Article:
Note: the Simulation.get_subfield() function can be used to obtain exactly such a numpy array for the relevant subfield.

    To read such a numpy array from a file, you can use the get_subfield_from_h5file function. However, you have to be sure that the node order in the mesh (that is stored in the _dat.h5 file) is the same as the mesh you are currently using in your simulation. This should certainly be the case if (i) both runs [i.e. the saved and the current] are based on the same mesh, and (ii) you only us one CPU [as using more than one results in repartitioning and reordering of the mesh]. We aim to not allow setting ‘wrong’ data here in the future, but currently such checking is not implemented. (fangohr 31/05/2008)

4.2.17. set_H_ext

Module:
nmag
Object:
Simulation.set_H_ext
Arguments:
(self, values, unit=None)
Parameters:
values : vector (=list), function or numpy array.

See set_m for an explanation of possible values.

unit : SI Object

An SI Object that is used as a multiplier for the values. This unit has to be physically compatible with Ampere per meter.

To set an applied field that is homogenous and points in +x-direction, one can use:

sim.set_H_ext([1e6, 0, 0], SI("A/m"))

which is equivalent to::

sim.set_H_ext([1, 0, 0], SI(1e6, "A/m"))

However, we could also define the field in Oersted:

from nmag.si import Oe
sim.set_H_ext([100, 0, 0],Oe)

or in Tesla/mu0:

from nmag.si import Tesla, mu0
sim.set_H_ext([1, 0, 0], Tesla/mu0)

4.2.18. set_pinning

Module:
nmag
Object:
Simulation.set_pinning
Arguments:
(self, values)
Parameters:values : vector (=list), function or numpy array.

This method sets the scalar pinning field which defines a local scale factor for dm/dt.

Default value is 1.0, use 0.0 to force dm/dt to zero, that is, to “pin” (fix) magnetisation at a certain position.

Semantics of the values parameter match set_m.

4.2.19. set_params

Module:
nmag
Object:
Simulation.set_params
Arguments:
(self, stopping_dm_dt=None, ts_rel_tol=None, ts_abs_tol=None, exact_tstop=None)

Set the parameters which control the accuracy and performance of the simulation.

Parameters:
ts_rel_tol : float

the relative error tolerance (default is 1e-6) for the timestepper

ts_abs_tol : float

the absolute error tolerance (default is 1e-6) for the timestepper

stopping_dm_dt : SI object

the value used in the hysteresis and relax functions to decide whether convergence has been reached. If the largest value for dm/dt drops below stopping_dm_dt, then convergence has been reached.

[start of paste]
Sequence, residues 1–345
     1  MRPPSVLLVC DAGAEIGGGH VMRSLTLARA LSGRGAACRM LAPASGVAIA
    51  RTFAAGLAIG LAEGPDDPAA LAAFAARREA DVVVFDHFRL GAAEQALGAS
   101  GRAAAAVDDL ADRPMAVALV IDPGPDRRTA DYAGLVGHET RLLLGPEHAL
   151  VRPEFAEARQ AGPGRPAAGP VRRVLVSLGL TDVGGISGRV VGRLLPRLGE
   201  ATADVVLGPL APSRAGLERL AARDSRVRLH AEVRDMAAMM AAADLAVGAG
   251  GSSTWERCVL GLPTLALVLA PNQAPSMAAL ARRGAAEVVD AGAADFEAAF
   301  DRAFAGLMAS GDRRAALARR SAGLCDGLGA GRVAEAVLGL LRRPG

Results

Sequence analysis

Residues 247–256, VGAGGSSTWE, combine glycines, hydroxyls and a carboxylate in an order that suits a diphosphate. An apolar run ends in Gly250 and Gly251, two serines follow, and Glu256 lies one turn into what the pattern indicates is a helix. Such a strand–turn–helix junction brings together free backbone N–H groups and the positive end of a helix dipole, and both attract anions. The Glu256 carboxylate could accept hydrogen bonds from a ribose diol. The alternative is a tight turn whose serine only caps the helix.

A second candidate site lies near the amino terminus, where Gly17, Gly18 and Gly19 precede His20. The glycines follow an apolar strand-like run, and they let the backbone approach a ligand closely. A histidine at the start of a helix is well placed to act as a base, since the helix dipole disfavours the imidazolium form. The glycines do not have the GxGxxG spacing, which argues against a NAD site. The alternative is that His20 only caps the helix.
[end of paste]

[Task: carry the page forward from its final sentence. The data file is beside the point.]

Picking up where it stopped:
The default value for stopping_dm_dt this is that the magnetisation changes less than one degree per nanosecond, i.e. stopping_dm_dt = SI(17453292.519943293,['s',-1]).

exact_tstop : bool

the value of exact_tstop which is used by the advance_time method when the optional argument is not given. This is also the value used by the relax and hysteresis methods. See the documentation of advance_time for further details.

Note that this command has to be issued after having created an m-field with the set_m command.

4.3. get_subfield_from_h5file

Module:
nmag
Object:
get_subfield_from_h5file
Arguments:
(*args, **nargs)

Retrieve data from h5 file. Data are returned as an array of floating point number (in SI units).

This function should be used with care, as the order of the entries in the returned array depends on the partitioning of the mesh used when saving the data.

Analog to get_subfield (which returns subfield data for a subfield of a simulation object), but will retrieve data from saved _dat.h5 file.

Note that the entries of the returned array are ordered accordingly to the mesh used in this simulation object.

Parameters:
filename : string

The full name of the _dat.h5 data file.

subfieldname : string

The name of the subfield to be retrieved.

id : integer

The id of the configuration to return (defaults to 0)

row : integer

If the id is not specified, the row can be used to address the data row with index row.

For example, the magnetisation may have been saved at some point during the simulation into a file (for example using the Restart example functionality, or using the save_data method for the first time to save the m-field (i.e. sim.save_data(fields=['m']) into a new file).

We can use row=0 to read the first magnetisation configuration that has been written into this file (and row=1 to access the second etc).

Returns:numpy array

4.4. get_subfield_positions_from_h5file

Module:
nmag
Object:
get_subfield_positions_from_h5file
Arguments:
(filename, subfieldname)

Analogous to get_subfield_positions (which returns the positions of nodes for a subfield of a simulation object), but will retrieve data from saved _dat.h5 file.

Parameters:
filename : string

The full name of the _dat.h5 data file.

subfieldname : string

The name of the subfield to be retrieved.

Returns:
numpy array

The positions are returned as si-values.